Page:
On Mar 19, 2006, WUVIE from Hulbert, OK (Zone 7a) wrote:
All too often people admire the blooms, plant Wisteria and then regret having done so.
Homework, you must do your homework!
If you simply take the time to learn what you are planting, how it behaves and what to expect, the Wisteria can not be topped for a gorgeous and very bold statement in the garden. I repeat, in the garden. Not next to a house.
Not for couch potatoes, the Wisteria will need pruning and a bit of cleanup to keep it looking it's best. We have Wisteria in several colors and quite frankly, I'm not giving mine up any time soon.
The multitude of seeds can be shared with friends, and the pods make great kindling for the fireplace.
On Feb 13, 2006, MotherNature4 from Bartow, FL (Zone 9a) wrote:
I do not grow this plant. Though it is beautiful when blooming, this is an extremely invasive plant. It will uproot the foundation of your house or completely smother a tree. My recommendation is to not plant it.
I've always admired the characteristics of this plant. But, I am quick to point out it is not for the 'faint of heart', or those who don't like a lot of pruning. This plant is pruned to about 7-8' and has a main trunk of about 1.5" diameter. I try to keep it at minimum height to encourage bloom and keep lateral growth under control. It first bloomed for me in spring 2005 after severe pruning and copious feedings of Triple Super Phosphate. I give it a positive rating because of its beautiful clusters of lavender blue flowers, and I like the foliage after bloom.
On Nov 14, 2005, rondaross from Deer Park, TX wrote:
My husband and I have a Purple Wisteria trained up a poll in our backyard. We keep it trimmed along the trunk up to about midway the height of the vine (13') and it puts out tons of flowers around March-April with no fail. It does receive full sun with the exception of early morning due to a neighbors Pecan tree. But we've had no troubles and really after the blooms are gone, we do a drastic trim on branches and new trailers and keep it short during the rest of the year. It fills out quickly with leaves once the blooms drop. We do get occassional blooms throughout the year because of our constant trimming back.
I LOVE THIS PLANT!!! it is so beautiful. and i think it is kind of neat how it makes so many runners and takes over things. atleast it isn't like kudzu!
I have a chinese wisteria tree, purple, and 2 chinese wisteria vines, i think. i got them in south carolina. they grow wild every where down there! i think when they set out seed pods it's cool too, cuz they hang there and it's almost as pretty as the flowers.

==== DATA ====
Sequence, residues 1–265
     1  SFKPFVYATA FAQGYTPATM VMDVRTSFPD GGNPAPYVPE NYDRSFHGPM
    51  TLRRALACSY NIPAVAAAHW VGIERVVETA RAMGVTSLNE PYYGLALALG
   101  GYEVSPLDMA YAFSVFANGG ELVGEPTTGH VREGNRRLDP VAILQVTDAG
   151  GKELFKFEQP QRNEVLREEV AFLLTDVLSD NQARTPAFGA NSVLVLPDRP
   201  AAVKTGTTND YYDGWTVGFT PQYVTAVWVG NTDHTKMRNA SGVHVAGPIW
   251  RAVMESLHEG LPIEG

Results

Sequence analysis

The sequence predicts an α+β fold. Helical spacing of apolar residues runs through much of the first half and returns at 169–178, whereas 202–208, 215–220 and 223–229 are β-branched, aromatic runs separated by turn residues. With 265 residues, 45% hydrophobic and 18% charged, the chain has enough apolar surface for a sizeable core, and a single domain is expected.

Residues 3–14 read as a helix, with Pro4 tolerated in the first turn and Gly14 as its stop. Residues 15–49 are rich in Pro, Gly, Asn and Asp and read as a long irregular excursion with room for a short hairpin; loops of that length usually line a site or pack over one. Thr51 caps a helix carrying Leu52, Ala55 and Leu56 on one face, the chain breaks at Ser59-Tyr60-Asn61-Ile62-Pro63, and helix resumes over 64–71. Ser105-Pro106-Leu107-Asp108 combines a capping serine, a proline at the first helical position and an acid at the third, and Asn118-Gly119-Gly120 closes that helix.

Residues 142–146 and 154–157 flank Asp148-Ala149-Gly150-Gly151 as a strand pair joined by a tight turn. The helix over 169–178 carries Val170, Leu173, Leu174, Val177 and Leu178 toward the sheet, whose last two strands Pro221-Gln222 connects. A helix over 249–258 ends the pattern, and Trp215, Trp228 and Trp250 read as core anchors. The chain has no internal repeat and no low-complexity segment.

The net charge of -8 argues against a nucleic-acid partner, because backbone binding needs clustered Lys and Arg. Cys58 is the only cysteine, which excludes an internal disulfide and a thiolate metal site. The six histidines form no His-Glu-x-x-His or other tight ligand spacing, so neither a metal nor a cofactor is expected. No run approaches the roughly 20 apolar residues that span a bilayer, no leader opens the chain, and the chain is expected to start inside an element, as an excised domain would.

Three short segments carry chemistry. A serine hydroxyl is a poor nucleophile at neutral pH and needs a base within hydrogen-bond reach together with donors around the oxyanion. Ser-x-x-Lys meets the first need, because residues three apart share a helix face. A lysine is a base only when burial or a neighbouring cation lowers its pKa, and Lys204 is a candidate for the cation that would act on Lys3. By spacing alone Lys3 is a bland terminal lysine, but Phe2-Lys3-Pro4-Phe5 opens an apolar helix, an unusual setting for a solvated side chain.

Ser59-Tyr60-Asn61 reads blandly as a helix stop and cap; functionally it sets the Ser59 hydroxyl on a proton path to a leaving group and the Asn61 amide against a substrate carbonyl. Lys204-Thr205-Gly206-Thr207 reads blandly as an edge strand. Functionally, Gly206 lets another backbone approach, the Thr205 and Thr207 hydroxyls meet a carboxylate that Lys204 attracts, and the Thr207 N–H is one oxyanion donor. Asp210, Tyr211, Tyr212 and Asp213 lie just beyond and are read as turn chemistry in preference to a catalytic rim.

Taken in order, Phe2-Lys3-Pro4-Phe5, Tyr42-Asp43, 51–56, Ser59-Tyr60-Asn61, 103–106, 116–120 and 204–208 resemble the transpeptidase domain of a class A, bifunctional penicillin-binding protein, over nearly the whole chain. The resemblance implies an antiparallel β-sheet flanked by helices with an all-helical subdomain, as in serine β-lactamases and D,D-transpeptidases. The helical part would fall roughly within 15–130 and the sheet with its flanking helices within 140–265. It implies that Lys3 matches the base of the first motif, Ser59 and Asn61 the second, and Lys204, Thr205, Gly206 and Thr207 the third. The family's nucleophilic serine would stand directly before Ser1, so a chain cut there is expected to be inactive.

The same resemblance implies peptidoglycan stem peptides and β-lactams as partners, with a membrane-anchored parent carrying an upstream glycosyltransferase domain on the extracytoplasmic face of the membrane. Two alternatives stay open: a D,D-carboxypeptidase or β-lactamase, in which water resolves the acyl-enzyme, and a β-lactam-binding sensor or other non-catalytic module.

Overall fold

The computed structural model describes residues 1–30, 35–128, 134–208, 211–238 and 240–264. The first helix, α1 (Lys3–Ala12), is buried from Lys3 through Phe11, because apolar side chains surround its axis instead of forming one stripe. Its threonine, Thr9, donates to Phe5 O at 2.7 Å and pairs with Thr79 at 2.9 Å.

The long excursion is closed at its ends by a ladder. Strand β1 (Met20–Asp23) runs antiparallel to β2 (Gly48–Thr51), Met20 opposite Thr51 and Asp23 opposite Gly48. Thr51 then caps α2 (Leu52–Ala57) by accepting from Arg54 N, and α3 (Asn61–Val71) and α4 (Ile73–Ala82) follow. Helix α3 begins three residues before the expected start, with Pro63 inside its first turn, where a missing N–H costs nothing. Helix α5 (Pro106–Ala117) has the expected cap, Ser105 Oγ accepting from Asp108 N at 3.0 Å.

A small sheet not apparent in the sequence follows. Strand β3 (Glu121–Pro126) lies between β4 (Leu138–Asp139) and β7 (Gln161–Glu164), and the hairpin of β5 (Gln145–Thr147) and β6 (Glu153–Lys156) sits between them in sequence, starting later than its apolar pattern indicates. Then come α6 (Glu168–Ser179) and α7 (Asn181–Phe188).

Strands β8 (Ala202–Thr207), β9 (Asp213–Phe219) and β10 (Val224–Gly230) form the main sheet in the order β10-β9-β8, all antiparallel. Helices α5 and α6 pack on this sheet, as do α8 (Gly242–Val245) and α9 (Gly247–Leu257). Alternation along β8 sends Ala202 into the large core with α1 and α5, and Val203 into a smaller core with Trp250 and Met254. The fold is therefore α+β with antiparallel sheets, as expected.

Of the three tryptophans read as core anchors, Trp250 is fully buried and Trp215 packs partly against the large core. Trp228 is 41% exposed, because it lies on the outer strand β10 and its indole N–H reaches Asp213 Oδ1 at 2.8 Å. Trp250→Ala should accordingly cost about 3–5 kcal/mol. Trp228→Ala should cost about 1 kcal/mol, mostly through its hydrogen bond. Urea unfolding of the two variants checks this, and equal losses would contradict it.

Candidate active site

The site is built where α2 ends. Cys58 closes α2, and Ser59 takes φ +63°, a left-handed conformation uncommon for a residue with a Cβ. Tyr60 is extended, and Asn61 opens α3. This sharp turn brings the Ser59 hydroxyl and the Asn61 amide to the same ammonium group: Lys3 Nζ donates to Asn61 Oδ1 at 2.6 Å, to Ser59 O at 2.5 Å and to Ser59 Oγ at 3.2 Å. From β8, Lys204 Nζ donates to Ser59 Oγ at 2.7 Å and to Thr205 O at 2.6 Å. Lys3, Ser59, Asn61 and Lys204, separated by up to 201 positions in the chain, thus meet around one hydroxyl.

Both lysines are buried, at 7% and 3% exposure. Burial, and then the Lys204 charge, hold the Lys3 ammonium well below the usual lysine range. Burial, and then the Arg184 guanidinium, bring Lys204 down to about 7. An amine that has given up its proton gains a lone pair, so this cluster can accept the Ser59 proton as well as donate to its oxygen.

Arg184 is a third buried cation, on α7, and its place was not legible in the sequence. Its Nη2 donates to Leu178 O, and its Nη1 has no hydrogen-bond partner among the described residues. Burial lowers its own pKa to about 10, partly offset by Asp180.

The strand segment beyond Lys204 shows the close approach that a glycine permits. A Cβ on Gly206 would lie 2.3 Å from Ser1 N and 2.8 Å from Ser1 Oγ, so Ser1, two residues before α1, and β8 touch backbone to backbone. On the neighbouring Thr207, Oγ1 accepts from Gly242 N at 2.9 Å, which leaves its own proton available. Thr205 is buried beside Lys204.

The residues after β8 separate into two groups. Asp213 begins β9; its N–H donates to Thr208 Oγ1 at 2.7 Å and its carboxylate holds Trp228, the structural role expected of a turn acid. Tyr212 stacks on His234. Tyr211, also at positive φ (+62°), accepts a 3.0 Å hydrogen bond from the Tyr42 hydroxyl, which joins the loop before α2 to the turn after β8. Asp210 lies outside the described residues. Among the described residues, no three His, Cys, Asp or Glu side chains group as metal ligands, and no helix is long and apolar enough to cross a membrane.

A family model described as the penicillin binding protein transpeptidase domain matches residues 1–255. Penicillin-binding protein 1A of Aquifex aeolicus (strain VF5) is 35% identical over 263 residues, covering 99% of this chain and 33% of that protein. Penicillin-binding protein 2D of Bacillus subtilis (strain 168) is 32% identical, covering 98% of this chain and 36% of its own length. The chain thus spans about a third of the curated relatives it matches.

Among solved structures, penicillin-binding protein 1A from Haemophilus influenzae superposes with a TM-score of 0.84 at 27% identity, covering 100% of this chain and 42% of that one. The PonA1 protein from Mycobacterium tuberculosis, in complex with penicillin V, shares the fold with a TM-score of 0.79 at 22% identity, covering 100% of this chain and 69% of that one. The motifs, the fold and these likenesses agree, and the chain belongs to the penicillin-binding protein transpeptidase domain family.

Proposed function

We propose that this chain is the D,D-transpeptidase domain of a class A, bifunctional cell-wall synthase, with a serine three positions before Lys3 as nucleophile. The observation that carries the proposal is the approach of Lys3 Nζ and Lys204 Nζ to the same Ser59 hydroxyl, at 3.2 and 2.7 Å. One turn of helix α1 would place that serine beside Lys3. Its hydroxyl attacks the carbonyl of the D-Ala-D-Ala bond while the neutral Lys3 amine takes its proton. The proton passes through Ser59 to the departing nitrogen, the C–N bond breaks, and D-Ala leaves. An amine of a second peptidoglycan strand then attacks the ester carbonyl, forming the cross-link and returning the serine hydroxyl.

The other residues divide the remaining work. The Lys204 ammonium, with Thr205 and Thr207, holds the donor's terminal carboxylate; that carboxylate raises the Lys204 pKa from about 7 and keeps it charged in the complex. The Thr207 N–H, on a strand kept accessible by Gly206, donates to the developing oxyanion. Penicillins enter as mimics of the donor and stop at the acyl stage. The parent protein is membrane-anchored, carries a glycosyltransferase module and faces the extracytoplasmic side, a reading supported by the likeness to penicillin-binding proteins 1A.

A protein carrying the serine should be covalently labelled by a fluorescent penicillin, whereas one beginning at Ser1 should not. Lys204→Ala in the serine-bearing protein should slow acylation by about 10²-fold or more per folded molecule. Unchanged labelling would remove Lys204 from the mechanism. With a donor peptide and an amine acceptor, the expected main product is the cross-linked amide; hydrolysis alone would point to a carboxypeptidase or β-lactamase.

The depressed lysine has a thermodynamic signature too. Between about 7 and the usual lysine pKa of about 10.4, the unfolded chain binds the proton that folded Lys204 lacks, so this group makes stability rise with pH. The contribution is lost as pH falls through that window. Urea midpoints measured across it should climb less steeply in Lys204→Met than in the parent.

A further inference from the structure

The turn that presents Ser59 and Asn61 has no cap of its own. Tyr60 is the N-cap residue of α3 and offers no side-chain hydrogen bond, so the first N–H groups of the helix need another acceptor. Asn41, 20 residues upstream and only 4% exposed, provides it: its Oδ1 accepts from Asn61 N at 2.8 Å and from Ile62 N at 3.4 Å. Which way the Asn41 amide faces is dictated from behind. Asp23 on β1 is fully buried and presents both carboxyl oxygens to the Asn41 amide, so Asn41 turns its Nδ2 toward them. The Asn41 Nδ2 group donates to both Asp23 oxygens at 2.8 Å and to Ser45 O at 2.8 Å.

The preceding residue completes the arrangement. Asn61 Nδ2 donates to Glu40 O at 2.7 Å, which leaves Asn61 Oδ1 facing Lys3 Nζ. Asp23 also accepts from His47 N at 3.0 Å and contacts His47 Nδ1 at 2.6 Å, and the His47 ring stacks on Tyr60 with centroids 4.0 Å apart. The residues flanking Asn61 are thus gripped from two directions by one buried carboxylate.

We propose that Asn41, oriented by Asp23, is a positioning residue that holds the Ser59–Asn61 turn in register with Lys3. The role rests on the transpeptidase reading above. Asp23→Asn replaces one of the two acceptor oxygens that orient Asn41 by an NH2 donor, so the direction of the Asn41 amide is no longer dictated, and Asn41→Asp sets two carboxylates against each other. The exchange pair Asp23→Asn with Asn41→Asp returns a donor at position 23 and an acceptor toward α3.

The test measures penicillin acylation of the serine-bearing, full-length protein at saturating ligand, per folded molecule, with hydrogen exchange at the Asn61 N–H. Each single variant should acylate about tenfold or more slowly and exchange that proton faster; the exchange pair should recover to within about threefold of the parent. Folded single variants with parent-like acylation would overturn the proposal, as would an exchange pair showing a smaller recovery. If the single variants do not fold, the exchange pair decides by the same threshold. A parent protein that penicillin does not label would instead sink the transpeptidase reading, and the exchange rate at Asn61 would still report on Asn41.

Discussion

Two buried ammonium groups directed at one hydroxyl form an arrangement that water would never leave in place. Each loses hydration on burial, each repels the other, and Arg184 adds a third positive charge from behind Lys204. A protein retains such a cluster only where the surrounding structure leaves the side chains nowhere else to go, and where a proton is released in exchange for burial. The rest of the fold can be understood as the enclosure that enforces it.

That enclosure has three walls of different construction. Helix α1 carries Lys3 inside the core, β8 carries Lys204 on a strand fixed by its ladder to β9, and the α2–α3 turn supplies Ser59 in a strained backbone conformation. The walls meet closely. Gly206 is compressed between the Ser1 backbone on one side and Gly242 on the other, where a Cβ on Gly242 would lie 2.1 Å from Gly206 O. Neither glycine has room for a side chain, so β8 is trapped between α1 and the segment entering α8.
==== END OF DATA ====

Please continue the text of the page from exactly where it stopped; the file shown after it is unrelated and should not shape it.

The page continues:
I'm trying to layer them into pots, I--__--__- ( tried to do a picture of the vine) w/ a vine off of the side, down into the ground, up and then down again into the ground and then up again. if anyone has had luck layering them like this, tell me.
On Jun 14, 2005, theresamendoza from Hesperia, CA (Zone 8a) wrote:
I planted my chinese wisteria three years ago and no blooms so far.
This year has been cooler than normal so maybe that has something
to do with it. I'm in zone 8a, high desert. I have seen maybe 3 wisterias blooming in our tri-cities communty. It is a rare plant here.
On Apr 26, 2005, PlantmanPatric from Statesville, NC (Zone 7a) wrote:
Chinese Wisteria grows in North Carolina with the same rambunctiousness and voracity that kudzu does, but at least Wisteria is pretty and smells good.
I have recently purchased a tree wisteria. It has only been in the ground about a month, but I have my first leaves budding out. I have a cousin that has a wisteria vine that her grandmother trained into tree form. This one is over 100 years old. She has to constantly trim and train it to keep it looking like an ornamental tree, but it is beautiful this time of year.
Here's to hoping I can repost into a positive later on.
Nasty plant. It's great in the open outdoors and on telephone lines (those things need all the sprucing up nature can give them!) but not in my garden! Geez I've got at least two weeks worth of cutting, digging and wheezing to even get the darn thing under control. Whoever lived here before me must have given up! Can't blame 'em though! Those runners they send out are tricky. Just when you think you've won a battle - lo and behold you trip over another runner! Wish me luck! And to think, I almost felt guilty for wanting to kill it!
On Mar 16, 2005, tiffcrum from Indianapolis, IN wrote:
I planted two Wisteria Sinesis about 3 years ago over an arbor. They are filling in quite nicely but are not overpowering whatsoever. I am in zone 5 and the cold seems to keep the Wisteria from being so invasive. The blooms are gorgeous and very fragrant. This is my absolute favorite plant. I prune it several times a year. I have heard that the more distress you cause to the plant helps it flower more.
On Oct 28, 2004, DDYE from Mer Rouge, LA (Zone 8a) wrote:
it will take over the world. I go about 5 feet from the main plant and chop with an ax to keep it from going everywhere. I like the carolina wisteria that is not invasive but it is hard to find and the only way that we have been able to propagate is by laying down a vine and covering with dirt for 6 mos or so.